Any regime that has accepted Western modernity as a system and mentality approaches the universe outside itself with an attitude that can be identified as orientalism. We define this orientalism as generic orientalism. In Turkey, we can identify this kind of generic orientalism in the careful and continual control that the political center has maintained beginning with Ottoman modernization and continuing to its peak during the Republican era’s modernization. This type of orientalization we will term self-orientalization. (4)
In the second volume of the series, Kahraman then utilizes this definition to explain the role that the elites of the Turkish Republic’s early decades took on:
In order to establish its own legitimacy, the Republican administration rejected the past in toto and designated this approach as the escape from underdevelopment. This is the most important parameter of the phenomenon we have defined as self-orientalization…. This is the turning point at which the elites’ role in the social and political transformation appears. The reason is that, according to the founding ideology of the (Western-style) colonialist development model that Orientalism is associated with, societies outside of the West are in need of “modernization” because of their underdevelopment. This [modernizing] duty will be fulfilled by “modernizing avant-gardes.” In terms of self-orientalization, these avant-gardes are the elites. Correspondingly, elite intellectuals will engage in similar roles and activities. Intellectuals, as the owners of Western views, will transform society. The transformation will be to take up a place on the Westernizing axis.
There are several aspects that should be emphasized here. The first is that Turkish state, military, and intellectual elites chose themselves as the actors who would “Westernize” Turkish society, and that this decision was made in the early years of the 20th century and even earlier. Furthermore, this project was fundamentally anti-democratic since the elites chose a top-down route to this goal that did not include completely free and transparent elections until 1950. After 1950 the Turkish military, with the general support of state and intellectual groups, would keep stepping back into politics whenever civilian politicians appeared to deviate from this established goal of Westernization. This has happened on five different occasions, in 1960 (the 27th May coup), 1971 (the 12th March coup), 1980 (the 12th September coup), 1997 (the 28th February “light coup”), and 2007 (the judiciary-induced crisis over the presidential elections). But at the end of the day, the Turkish masses have not remained passive receptors for this project, and have expressed their resistance. The immediate sensation that the Terakkiperver Cumhuriyet Fırkası (Progressive Republican Party) of 1925, the Serbest Fırka (Independent Party) of 1930, and the Demokrat Parti (Democrat Party) of 1945-1960 aroused in the Turkish public was one expression of that opposition.
To make my overall point more clear, I want to reiterate that Western journalists and pundits have not grasped the reality of the Turkish political and social situation. Because the CHP embodies adherence to Western modernity, and on that basis claims to be progressive, even social democratic, Western liberals and leftists have embraced and chosen to stand by this party and its sector of Turkish society. But these Westerners are making a fundamental mistake: in fact, the party and people they see as ideological allies are not at all related to traditions of Western liberalism, democracy, or social democracy. Quite the contrary: the enhancement and consolidation of Turkish democracy (as well as Turkey’s industrialization) is now being inhibited by those who have wielded power in Turkish society for the past 100 years, i.e. the CHP and its supporters.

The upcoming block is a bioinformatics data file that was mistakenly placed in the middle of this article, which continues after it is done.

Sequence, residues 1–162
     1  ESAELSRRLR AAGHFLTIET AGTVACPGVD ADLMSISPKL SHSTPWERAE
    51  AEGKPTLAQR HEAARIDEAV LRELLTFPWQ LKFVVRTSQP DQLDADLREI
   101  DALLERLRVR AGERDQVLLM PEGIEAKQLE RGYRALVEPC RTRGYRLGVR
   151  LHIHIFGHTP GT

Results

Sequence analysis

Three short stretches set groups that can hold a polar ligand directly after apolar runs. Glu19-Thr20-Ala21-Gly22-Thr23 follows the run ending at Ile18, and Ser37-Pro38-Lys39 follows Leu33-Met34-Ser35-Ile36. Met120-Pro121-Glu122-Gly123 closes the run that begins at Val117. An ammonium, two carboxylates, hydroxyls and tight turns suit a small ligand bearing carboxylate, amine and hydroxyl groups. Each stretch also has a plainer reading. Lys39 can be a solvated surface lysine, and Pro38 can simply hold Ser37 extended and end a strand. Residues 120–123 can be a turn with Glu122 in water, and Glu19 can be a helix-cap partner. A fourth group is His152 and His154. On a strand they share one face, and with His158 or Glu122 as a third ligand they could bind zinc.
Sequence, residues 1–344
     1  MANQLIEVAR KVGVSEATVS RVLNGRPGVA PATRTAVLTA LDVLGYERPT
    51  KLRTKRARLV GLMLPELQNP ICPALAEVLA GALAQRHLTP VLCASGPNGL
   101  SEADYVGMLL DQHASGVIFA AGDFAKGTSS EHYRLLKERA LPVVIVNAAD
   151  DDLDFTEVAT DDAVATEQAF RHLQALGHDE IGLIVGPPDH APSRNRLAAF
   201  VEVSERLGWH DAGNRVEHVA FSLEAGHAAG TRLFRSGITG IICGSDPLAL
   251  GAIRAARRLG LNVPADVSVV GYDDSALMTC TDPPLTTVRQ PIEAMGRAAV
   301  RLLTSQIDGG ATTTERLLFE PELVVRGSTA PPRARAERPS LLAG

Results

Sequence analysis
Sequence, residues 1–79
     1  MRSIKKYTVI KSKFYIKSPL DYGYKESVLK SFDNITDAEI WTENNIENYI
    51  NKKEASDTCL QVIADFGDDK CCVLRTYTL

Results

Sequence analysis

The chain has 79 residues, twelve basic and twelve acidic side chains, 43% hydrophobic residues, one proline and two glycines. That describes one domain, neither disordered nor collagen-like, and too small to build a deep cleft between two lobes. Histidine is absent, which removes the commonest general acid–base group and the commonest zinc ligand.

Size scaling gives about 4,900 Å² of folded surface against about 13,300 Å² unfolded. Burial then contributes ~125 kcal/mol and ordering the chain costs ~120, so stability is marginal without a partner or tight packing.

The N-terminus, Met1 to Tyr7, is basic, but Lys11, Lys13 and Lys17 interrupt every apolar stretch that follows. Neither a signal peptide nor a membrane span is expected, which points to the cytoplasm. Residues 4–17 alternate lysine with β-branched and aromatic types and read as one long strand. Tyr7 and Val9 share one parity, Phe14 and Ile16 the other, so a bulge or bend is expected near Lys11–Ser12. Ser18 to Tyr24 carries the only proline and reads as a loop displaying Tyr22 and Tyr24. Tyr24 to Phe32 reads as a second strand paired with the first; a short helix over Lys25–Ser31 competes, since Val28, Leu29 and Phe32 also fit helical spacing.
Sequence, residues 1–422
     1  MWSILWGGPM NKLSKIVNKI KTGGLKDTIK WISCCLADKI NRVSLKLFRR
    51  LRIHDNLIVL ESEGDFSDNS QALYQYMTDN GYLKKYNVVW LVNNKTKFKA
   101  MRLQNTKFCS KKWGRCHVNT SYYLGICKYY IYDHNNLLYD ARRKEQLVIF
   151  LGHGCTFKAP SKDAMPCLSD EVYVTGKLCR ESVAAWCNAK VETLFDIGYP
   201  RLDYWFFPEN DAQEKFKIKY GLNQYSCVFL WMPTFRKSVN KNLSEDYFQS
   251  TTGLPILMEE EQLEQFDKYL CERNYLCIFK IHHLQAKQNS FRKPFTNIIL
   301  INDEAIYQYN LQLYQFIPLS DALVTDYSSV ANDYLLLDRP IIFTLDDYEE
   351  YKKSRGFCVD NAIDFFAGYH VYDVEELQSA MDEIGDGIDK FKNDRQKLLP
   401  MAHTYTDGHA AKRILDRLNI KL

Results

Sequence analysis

In my next article, I will discuss some concrete examples of the self-orientalizing attitude that Turkish elites have maintained towards the Turkish people.
(1) The “historical bloc” concept comes from Antonio Gramsci and has been repeatedly used by Hasan Bülent Kahraman in his series of studies on the sociological background of Turkish politics: Türk Siyasetinin Yapısal Analizi [A Structural Analysis of Turkish Politics], on which more below.
(2) This is why the CHP began talking about a “restoration government” after the 7 June 2015 parliamentary elections. Their essential aim was and is to reestablish the status quo ante.
(3) See Hanioğlu’s Atatürk: An Intellectual Biography (Princeton, NJ: Princeton University Press, 2011).
4) Kahraman, Hasan Bülent. Türk Siyasetinin Yapısal Analizi, Cilt I: Kavramlar, Kuramlar, Kurumlar [A Structural Analysis of Turkish Politics, Volume I: Concepts, Theories, Institutions] ( Istanbul: Agora Kitaplığı, 2008), p. 196. The translation is mine.
The Turkish original is: “Batılı moderniteyi bir sistem ve zihniyet olarak kabul etmiş herhangi bir erkin, kendi dışında kalan evrene aynı doğrultuda yaklaşmasıyla da oryantalizm teşekkül edebilir. Bu oryantalizmi jenerik oryantalizm olarak nitelendiriyoruz. Türkiye’de Osmanlı modernleşmesinden başlayarak sürdürülen ve Cumhuriyet modernleşmesiyle birlikte doruğuna ulaşan, siyasal merkez tarafından büyük bir dikkatle kontrolde tutulan bu tür bir jenerik oryantalizmden söz edilebilir. Bu oryantalizmi de öz oryantalleşme (self-orientalisation) olarak adlandırıyoruz.”
(5) Kahraman, Hasan Bülent. Türk Siyasetinin Yapısal Analizi, Cilt II: 1920-1960 [A Structural Analysis of Turkish Politics, Volume II: 1920-1960] (Istanbul: Agora Kitaplığı, 2010), p. 270. The translation is mine.
The Turkish original is: “Cumhuriyet idaresi geçmişi kendi meşruiyetini belirginleştirmek için toptancı bir yaklaşımla yok sayarken, bunu geri kalmışlıktan kurtulmanın bir aracı olarak öne çıkarmıştır. Öz-oryantalistleştirme dediğimiz olgunun en önemli parametresi budur…. Buradaki kırılma noktasını elitlerin toplumsal ve siyasal dönüşümdeki rolü meydana getirecektir. Çünkü (Batı tarzı) sömürgeciliğin Oryantalizme bağlı olarak gelişen modelinin kurucu ideolojisine göre, Batı dışı toplumlar geri kalmışlıkları nedeniyle ‘modernleştirilmeye’ muhtaçtırlar. Bu görevi de ‘modernleştirici öncüler’ yerine getirecektir. Öz-oryantalizmde bu öncüler seçkinlerdir. Aynı şekilde, seçkin konumundaki entelektüeller de benzeri bir işlev ve etkinlik içinde bulunacaklardır. Aydınlar Batılı görüşlerin sahibi olarak toplumu dönüştürecektir. Dönüşüm Batılılaşma eksenine oturmak olacaktır.”